In a recent sermon at Grace, I read a blog from Katie Donovan called, “Addiction–where were the parents?” I received a number of requests for copies of the blog so I thought I would share the link here. Katie’s words can certainly encourage everyone, but they are especially poignant for anyone who has helped a loved one battle with addiction in any of its forms.
Know you are loved!
Recently, I was thinking and praying about a couple of difficult situations and a peculiar phrase came to my mind: “Don’t climb Bilbo’s tree.” As an avid Lord of the Rings fan, I immediately knew what it meant.
In The Hobbit (both the book and the movie) when Bilbo and his comrades were struggling to survive their trek through Mirkwood Forest they decided to have Bilbo climb a tall tree to survey their surroundings and to assess whether or not they were almost out of the woods (no pun intended).
They selected the largest tree they could find and hoisted the slight hobbit into its lower branches. Bilbo scurried up to the uppermost boughs, enjoyed a moment of feeling a cool breeze on his face, and then he assessed their situation. His heart sank when he gazed outward because he could see nothing but row after row of forbidding trees in every direction. Crestfallen and forlorn he descended the tree and reported to his desperate friends that they were still a very long way from their goal.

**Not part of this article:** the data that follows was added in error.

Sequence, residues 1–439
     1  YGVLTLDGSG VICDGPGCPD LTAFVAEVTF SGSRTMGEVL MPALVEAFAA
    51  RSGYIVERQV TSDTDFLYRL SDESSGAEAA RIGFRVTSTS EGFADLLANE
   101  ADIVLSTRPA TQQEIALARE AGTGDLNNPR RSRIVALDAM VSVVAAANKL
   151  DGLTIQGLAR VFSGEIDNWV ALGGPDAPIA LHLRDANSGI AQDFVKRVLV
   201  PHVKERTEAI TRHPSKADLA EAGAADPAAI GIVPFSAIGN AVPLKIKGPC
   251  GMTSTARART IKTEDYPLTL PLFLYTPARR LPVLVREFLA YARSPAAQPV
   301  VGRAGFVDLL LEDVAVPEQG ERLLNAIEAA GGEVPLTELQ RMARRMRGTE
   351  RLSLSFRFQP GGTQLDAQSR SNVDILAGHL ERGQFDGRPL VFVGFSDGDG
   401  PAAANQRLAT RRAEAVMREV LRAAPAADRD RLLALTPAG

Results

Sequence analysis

Unfortunately, neither Bilbo nor his companions realized that their chosen lookout tree was situated in the bottom of a valley. It was indeed a tall, sturdy tree with a reliable vantage point at the top, but its position in the valley skewed Bilbo’s perceptions when he climbed it. In actuality, the hobbit and his friends were almost out of the dangerous forest, but since his tree was in the bottom of the valley all of the surrounding trees appeared taller than their actual height and blocked his view. Had his tree been on level footing with the rest he would have seen the end of the forest and then scampered down the tree trunk to lead a victorious march out of the valley.
All of this flashed through my thinking in an instant when I sensed the phrase in prayer, “Don’t climb Bilbo’s tree.”
Of course I have no idea what you might be facing today, but it is possible that this caution applies to you too. Don’t be deceived by your valleys—you may be much further through the forest than you realize.
“What joy for those whose strength comes from the LORD…when they walk through the Valley of Weeping, it will become a place of refreshing springs.” (Psalm 84:5-6 NLT)